In music the word classical has two usages: the overall category and musicians, versus the composing standards specific to the era of Haydn, Mozart and early Beethoven and as a consequence of the Age of Enlightenment. This follows the ornamental Baroque era, but before anti-reason Romantic era.
At this website we often substitute fine art music to describe the overall category.
- Here starts the long version: The high ideals (standards) of classical music were inherited from the Greek philosophers of the Classical Period, whose debates about nature, science and beauty were preserved in writing and revived first by the Roman Catholic Church in Europe about 900 years ago and then during the Greek Revival period kicking off the Age of Enlightenment after J. S. Bach’s death. Studying ancient texts, neo-classical scholars (eg. Sir Isaac Newton) emulated Greek scientific thought leading to grand architecture, democracy, mathematics, philosophy, scientific proofs, technology, and eventually the Olympics.Today we enjoy relative peace and prosperity because of this preserved ancient wisdom. There were also classical ideas about the study of art and beauty (aesthetics). The Greek philosophers argued that music should ideally reflect the natural flow of human emotions, dance, sing and induce pathos and catharsis. Some urged that balanced music required mathematical proportions rather than be an improvised form. These ideas let our composers and performers extend and shape music in imaginative and transformational ways.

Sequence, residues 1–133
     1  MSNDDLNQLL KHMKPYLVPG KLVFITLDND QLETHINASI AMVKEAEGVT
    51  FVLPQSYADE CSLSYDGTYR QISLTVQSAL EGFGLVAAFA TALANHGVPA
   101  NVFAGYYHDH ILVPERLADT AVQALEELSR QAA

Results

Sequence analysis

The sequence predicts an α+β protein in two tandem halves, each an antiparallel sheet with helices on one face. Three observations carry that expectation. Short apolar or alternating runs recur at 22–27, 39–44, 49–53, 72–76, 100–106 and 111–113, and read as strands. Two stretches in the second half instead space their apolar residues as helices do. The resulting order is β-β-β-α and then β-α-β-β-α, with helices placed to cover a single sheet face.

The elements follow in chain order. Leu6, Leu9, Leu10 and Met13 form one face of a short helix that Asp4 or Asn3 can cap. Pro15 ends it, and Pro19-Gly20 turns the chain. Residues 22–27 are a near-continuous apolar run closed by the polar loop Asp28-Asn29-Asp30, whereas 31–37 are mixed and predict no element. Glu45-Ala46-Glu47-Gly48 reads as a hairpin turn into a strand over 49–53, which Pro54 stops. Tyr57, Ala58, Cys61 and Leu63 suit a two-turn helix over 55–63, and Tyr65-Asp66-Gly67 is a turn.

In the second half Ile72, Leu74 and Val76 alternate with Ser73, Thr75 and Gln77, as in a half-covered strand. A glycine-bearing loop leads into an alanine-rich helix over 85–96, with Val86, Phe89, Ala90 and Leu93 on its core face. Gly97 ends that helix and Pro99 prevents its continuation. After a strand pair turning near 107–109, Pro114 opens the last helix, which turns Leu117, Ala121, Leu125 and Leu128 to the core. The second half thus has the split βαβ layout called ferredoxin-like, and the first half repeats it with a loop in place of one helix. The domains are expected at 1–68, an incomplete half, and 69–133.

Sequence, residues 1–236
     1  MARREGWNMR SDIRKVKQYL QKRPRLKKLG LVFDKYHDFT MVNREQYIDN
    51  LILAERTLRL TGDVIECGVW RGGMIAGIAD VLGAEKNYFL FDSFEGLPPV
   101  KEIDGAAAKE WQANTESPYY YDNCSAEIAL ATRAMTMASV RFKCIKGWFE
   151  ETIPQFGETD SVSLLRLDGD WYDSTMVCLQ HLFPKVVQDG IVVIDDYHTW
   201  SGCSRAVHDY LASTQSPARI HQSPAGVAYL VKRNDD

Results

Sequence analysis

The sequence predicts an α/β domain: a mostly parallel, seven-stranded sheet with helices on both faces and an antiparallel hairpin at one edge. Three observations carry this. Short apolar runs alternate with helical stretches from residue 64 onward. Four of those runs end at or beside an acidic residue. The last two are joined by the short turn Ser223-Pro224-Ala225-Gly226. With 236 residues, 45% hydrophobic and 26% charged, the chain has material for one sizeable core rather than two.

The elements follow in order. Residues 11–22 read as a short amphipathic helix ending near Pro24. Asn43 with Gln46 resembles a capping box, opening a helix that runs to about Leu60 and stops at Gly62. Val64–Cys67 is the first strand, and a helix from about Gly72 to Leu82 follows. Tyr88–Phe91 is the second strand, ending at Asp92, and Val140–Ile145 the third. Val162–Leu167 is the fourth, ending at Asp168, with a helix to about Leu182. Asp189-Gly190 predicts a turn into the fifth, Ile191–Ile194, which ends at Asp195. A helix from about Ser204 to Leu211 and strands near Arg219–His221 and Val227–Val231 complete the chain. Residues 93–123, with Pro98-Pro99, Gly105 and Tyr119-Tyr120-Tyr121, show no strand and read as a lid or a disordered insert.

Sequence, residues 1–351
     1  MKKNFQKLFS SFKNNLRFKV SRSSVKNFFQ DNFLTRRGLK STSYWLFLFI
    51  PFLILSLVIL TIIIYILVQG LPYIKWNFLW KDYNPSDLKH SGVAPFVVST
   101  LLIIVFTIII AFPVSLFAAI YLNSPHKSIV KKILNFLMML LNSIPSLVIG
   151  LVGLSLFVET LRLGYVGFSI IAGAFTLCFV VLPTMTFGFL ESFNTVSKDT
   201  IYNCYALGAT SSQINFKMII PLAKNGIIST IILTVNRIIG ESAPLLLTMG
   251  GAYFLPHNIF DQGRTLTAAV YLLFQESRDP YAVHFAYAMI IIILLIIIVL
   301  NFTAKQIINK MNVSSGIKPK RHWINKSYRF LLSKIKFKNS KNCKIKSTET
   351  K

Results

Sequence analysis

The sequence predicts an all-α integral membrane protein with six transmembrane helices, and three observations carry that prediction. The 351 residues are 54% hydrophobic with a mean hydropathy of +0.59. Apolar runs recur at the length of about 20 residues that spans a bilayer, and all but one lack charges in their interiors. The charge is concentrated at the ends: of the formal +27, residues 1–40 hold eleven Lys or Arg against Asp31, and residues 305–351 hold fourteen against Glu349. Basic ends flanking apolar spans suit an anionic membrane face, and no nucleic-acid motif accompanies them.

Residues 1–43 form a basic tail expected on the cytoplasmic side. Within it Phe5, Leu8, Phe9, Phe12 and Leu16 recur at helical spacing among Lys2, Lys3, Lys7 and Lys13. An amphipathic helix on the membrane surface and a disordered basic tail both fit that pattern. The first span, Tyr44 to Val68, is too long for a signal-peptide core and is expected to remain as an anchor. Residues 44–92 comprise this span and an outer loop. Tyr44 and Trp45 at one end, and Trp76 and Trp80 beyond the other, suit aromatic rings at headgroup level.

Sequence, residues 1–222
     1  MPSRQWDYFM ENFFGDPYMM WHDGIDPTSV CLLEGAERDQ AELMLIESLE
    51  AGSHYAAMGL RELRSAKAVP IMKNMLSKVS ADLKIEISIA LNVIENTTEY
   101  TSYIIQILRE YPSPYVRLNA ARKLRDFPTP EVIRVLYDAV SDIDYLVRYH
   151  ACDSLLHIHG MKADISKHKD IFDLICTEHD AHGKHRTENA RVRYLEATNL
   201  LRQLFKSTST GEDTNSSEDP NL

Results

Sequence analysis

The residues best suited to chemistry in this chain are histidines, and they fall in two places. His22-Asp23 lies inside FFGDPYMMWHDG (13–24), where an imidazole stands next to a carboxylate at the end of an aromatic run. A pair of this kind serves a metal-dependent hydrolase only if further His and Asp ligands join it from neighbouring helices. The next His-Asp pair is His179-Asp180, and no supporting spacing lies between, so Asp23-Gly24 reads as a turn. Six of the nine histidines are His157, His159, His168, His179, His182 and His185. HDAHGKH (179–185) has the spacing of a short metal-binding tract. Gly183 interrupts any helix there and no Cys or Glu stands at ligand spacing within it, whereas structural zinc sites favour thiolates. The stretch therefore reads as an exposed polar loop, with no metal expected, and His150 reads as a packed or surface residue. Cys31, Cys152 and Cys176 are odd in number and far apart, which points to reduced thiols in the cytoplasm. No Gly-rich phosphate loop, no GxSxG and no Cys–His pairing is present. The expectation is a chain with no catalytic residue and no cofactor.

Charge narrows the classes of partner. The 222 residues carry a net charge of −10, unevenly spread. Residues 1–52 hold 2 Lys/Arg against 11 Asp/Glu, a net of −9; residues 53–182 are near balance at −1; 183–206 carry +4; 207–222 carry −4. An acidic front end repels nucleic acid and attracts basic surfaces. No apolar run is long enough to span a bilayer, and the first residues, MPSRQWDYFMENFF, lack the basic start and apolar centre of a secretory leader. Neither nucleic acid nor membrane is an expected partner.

Grow a pair
Based in part on this Classical Tradition, Voltaire, Locke, Newton among others around 1750 began to codify the democratic principals we enjoy today. Around the same time, composers with advanced music writing skills and new instruments like the piano, suddenly began writing music that juxtaposed TWO themes. This encouraged much more contrast, extension and development creating intense dramas with imagination, expression and beauty.
Thank J. S. Bach for revolutionary possibilities in counterpoint during the Baroque Era. Soon after, super-musicians like Haydn and Mozart (in the Classical Era of classical music) refined the large, new instrumental form called a symphony. Beethoven in turn built on their work, amplifying the charming symphonic expression into a fully dramatic adventure, largely establishing what became known as the Romantic Era of classical music, which lasted 100 years. The words symphony and orchestra accordingly are of ancient Greek (classical) origin, although the very first orchestras, large groups of single instruments, were reported in ancient Egypt.
So while pop and world music are amazingly diverse, soulful and powerful, classical too offers the same, just with acoustic sounds, extended pleasure and almost no vocals. There are times and music for singing and dancing, and then times and music for dreaming. Instrumental music is a great way to weave different moods together, usually with great subtlety by limiting the repetition of themes. The great composers also integrated their local folk music and improvised traditions, as well as those of nearby countries. Mr. CutTime does this too in his compositions.
We understand what’s missing for most with classical. The music itself is usually not the problem. CutTime takes you inside the sport and shares its passion so that you gain fresh perspective on yourself and the world from within yourself.
You’ll be saying it’s about TIME for CutTime!